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What is The Point of Church

By   /   January 13, 2013  /   Comments

My son had surgery Friday. Quite honestly, when I first heard he had to be put under and worked on I was terrified. Partially because when I took him to the doctor a couple of days before, I was not expecting to hear that, but mostly because I think that is the response that any parent feels when she is told that her child needs such a thing, fear. Fear of the unknown, fear for my child, fear what the doctors would find, fear if it went bad, my thoughts were everywhere and fear lurked in them all.

I attempted my best strong father impersonation as we drove home, but it was ended when my four-year-old told me, “Daddy I don’t want surgery.” I kept looking forward, unwilling to betray his fragile bravery by showing him my fear and simply said, “I don’t want you to have surgery either.” Then we turned the music up louder.

Well that first night was hard on me and my wife as we took the news for whatever it was. Next we began to tell people and to ask for their support. Soon people we did not tell anything to heard and offered their support and told us they were praying for us, or if they were not particularly religious they told us they were thinking about us.

And that is when it happened. It did not happen in a moment, but gradually. It was not relief really, it was simply less worry and anxiety. Such things did not go away, such things could not go away, but there was less of them. And I think it was the support. Every person who texted, called, sent a message, or looked me in the eyes and said, “Praying for all of you,” somehow lessened my fear. Not substantially mind you, but partially, and each partial piece of fear removed is significant, do not let anyone tell you otherwise.

It is as though I was pulling a wagon loaded down with stones. There were so many stones it was hard to pull the wagon, I struggled under the weight. Someone came by and took a stone by saying, “Hey, I’m thinking about you. Let me know if you need anything.” Maybe it weighed just a little, and there were hundreds of stones in my wagon, but when hundreds of people take a little stone out of the pile it becomes easier to pull.

I am often asked what is the point of church. What is the point of devoting one’s life to an ancient institution that is behind the times and irrelevant? What is point of taking time on Sunday mornings to come together when there are things to do and places to go? What is point of singing those old songs, or new songs, and reading that old book? What is the point? Well I am not a church scholar and I am not qualified to give answers to such honestly difficult questions. Instead I can say what I just learned about the church.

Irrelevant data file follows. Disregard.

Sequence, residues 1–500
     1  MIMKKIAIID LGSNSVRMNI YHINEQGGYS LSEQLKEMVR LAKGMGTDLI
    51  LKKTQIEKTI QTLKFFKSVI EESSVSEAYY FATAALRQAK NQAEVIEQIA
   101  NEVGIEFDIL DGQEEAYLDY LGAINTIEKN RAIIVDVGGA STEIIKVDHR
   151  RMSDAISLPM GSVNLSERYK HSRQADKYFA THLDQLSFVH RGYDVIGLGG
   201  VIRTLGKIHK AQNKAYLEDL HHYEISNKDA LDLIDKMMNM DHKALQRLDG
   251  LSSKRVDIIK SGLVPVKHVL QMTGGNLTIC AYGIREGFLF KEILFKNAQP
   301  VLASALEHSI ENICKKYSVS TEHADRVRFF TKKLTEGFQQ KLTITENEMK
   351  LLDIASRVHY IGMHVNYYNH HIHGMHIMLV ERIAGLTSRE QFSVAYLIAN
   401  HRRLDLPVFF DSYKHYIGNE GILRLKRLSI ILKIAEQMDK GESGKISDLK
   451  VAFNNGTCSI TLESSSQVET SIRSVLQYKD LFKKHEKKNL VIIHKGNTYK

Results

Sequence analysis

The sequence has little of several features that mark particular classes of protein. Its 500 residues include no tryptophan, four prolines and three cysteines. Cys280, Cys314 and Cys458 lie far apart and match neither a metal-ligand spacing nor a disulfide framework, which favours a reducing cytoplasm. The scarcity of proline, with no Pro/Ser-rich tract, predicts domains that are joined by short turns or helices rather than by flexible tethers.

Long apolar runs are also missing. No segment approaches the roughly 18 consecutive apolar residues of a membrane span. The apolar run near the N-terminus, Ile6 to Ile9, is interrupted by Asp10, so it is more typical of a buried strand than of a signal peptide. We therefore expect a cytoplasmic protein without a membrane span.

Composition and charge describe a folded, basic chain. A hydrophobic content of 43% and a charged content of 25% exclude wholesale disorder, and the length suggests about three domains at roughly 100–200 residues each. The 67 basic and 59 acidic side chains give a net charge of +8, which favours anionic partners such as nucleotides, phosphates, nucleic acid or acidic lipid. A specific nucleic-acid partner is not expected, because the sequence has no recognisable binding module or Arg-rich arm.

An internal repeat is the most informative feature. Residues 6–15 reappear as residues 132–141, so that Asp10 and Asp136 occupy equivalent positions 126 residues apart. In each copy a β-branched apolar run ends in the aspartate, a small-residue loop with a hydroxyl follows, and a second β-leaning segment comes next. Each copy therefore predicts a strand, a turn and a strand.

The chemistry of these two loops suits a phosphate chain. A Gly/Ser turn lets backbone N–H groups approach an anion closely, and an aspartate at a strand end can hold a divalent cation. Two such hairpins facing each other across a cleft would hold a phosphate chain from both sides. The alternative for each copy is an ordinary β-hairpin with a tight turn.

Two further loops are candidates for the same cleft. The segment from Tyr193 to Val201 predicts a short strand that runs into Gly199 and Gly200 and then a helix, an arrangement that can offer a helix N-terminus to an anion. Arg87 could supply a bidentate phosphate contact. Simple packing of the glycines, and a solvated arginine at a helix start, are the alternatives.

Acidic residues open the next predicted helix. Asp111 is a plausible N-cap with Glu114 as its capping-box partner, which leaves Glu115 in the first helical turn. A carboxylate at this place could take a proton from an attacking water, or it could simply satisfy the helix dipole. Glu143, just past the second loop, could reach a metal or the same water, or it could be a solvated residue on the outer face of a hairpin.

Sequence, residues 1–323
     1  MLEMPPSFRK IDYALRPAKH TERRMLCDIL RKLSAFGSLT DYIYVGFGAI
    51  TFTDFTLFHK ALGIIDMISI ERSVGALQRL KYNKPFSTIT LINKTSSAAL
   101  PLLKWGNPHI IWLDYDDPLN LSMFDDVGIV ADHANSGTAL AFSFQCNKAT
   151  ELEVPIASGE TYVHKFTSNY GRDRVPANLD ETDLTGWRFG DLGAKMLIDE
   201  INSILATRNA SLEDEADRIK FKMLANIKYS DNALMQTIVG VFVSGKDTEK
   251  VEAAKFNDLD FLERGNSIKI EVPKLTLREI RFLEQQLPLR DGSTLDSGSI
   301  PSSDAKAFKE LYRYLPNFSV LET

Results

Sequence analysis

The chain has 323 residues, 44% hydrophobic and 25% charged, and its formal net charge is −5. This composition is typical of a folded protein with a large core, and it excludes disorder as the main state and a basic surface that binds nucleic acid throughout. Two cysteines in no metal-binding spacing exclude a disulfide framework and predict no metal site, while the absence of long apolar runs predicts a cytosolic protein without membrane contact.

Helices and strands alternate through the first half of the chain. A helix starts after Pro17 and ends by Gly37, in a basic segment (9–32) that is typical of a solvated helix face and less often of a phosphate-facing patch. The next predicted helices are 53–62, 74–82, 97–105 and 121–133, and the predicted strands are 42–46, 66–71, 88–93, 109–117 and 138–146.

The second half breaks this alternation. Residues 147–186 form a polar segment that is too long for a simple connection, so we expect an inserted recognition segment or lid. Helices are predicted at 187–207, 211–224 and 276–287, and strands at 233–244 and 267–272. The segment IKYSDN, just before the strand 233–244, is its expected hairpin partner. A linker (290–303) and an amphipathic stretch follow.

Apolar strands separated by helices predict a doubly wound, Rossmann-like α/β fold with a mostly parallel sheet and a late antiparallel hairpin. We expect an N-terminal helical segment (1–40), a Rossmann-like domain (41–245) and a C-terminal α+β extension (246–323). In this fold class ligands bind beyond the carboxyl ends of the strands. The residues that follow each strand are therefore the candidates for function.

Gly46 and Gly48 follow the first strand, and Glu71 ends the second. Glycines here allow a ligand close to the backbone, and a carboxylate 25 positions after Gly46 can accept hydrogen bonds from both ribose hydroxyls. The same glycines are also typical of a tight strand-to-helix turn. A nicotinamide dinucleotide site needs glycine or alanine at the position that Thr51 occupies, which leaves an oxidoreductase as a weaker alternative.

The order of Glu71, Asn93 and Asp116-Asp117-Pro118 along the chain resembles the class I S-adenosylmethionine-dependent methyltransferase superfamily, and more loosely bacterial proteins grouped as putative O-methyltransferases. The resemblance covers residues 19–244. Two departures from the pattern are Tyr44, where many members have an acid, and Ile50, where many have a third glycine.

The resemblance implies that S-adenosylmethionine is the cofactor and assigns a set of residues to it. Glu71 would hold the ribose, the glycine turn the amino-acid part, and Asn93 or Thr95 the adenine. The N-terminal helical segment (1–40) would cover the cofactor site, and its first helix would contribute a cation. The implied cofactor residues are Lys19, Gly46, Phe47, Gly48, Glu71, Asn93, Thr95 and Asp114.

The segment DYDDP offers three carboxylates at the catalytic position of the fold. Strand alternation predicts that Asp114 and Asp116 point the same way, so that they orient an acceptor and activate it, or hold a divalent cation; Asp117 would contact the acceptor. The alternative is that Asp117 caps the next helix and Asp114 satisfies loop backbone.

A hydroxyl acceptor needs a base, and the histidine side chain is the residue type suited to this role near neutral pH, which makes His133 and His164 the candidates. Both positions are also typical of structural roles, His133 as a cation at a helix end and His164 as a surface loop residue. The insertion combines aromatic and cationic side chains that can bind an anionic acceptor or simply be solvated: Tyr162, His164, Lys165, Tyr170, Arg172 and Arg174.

In a culture where community seems not to matter, where people barely know the names of their neighbors, where people are ever more connected and yet ever more isolated, in this world of television babysitters and Twitter addicts there is still a deep human need to be connected to others in a meaningful way. The church is a gift of God whereby we might have a place to have others on whom to lean. The church is a gift of God where we can be told others are thinking about us, praying for us, wishing us well, and in that simple way take a part of our anxiety. Each person does not take much of course, because it is not theirs to have, but a small part that along with others makes a huge difference.

I am not naïve enough to believe that the church does this well all the time. Sometimes the church gets boggled down with doctrine, and judgment, and finger pointing and finger waving, but the church is full of broken people and therefore is broken too. In Hemingway’s novel A Farewell to Arms it is written, “The world breaks everyone and afterward many are strong in the broken places.” It goes onto say, “But those that will not break it kills. It kills the very good and the very gentle and the very brave impartially. If you are none of these you can be sure it will kill you too but there will be no special hurry.” Too often the church is like the world that kills those that will not be broken there are plenty of stories like that. But other times the church is the place where the broken pieces are put back together and are made stronger by grace. This week, today, I have found that to be true for me, and I thank God for it.

Written by Rev. Garrett Andrew, minister of First Presbyterian Church of Albany, Georgia. Read his blog.

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